Over at Feministing, Samhita writes about recent survey data on “Millennials'” (that’s 19 to 29 year olds’) attitudes toward marriage and parenting.  She notes that most Millennials rank “being a good parent” as a more important goal than having a successful marriage, with over half ranking being a good parent as “one of the most important things” in life, compared to just 20 percent who felt that way about having a good marriage.

What these Millennials might be missing–and what Samhita certainly does–is that these aren’t mutually exclusive goals, and in fact one of the most important aspects of being a good parent is to work on maintaining your marriage. When you look at the data on what affects kids’ life prospects, the presence of two parents is among the most powerful.

This certainly doesn’t mean that single parents can’t be good parents, or that being a good parent shouldn’t be a top goal. But Samhita implies that it’s great news that the next generation is more focused on the goal of parenting than on that tired old institution of marriage, writing “so much for the argument that the death of traditional marriage is pointing to the decline of family values.”
But really, if you are concerned about parenting, you should also be very concerned about the relationship you have with the kid’s other parent.

Personally, I remember soon after having my first child, reading a parenting book or article (I wish I could remember exactly what it was to give the author due credit…) that argued that if your goals is to raise a secure, happy, successful child and you are wondering where to invest your marginal dollar or hour, you should use those resources to improve your marriage. Hire a babysitter and go out on a date once a week so that you have time alone together.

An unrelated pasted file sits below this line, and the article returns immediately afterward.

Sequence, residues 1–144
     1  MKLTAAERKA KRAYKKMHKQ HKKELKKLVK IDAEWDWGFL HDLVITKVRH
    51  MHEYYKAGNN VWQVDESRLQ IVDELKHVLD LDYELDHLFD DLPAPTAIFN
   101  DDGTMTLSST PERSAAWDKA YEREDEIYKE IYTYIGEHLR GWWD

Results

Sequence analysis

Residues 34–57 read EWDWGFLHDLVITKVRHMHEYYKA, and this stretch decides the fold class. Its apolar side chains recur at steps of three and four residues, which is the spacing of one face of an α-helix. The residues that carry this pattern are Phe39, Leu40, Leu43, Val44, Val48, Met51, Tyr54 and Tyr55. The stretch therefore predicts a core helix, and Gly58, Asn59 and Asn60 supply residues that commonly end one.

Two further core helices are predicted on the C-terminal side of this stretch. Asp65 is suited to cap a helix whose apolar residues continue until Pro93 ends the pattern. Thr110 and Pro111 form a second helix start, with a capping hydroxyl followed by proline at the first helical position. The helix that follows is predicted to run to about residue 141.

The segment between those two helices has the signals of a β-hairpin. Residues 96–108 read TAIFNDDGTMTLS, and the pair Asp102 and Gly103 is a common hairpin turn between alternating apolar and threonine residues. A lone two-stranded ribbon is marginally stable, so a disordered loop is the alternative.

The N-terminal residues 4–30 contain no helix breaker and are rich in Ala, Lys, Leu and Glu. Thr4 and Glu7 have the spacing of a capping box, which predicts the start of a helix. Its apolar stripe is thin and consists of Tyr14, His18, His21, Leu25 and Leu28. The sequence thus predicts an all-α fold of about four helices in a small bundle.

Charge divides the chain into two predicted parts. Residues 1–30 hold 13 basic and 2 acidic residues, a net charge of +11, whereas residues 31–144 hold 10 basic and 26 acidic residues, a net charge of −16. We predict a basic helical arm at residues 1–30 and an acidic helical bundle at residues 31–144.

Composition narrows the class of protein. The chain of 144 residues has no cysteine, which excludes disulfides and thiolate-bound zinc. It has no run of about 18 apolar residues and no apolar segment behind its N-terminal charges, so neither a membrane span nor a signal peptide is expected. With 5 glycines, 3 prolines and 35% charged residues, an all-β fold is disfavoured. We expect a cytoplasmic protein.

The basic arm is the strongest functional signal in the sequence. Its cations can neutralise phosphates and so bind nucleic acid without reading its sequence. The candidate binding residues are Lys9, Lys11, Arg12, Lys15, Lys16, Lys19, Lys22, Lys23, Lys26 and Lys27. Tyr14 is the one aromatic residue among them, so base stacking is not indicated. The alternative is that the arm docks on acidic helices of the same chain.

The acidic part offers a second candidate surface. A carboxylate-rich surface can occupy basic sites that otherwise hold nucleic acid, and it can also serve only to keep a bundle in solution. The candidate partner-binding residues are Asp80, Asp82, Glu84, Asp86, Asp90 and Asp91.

It’s a temptation among new parents is to focus exclusively on the new project of cultivating baby, while putting your marriage on the back burner. But in fact, having a healthy marriage partnership will be the most important gift you ever give your child. This author suggested that rather than it being bad for baby to occasionally leave him or her to do something on your own as a couple, it’s actually a comforting message to send, that mom and dad like to do things together sometimes. I hadn’t thought about it that way before, and have appreciated and tried to make use of the advice.

More bizarrely in Samhita’s feministing piece, she seems to suggest that providing for a child is somehow an easier job as a single parent than as a couple. She writes: “A decade or so ago, you may have thought you could still get married and have a family, but the financial reality of it in the millenium is a different story.” Providing for children can certainly be a challenge, but obviously it is significantly easier when there are two people making provisions, and who are able to cut down on expenses, by sharing a home, making joint investments, spend time with the child, and so on.

Marriage and parenting aren’t and shouldn’t be an “either or” proposition.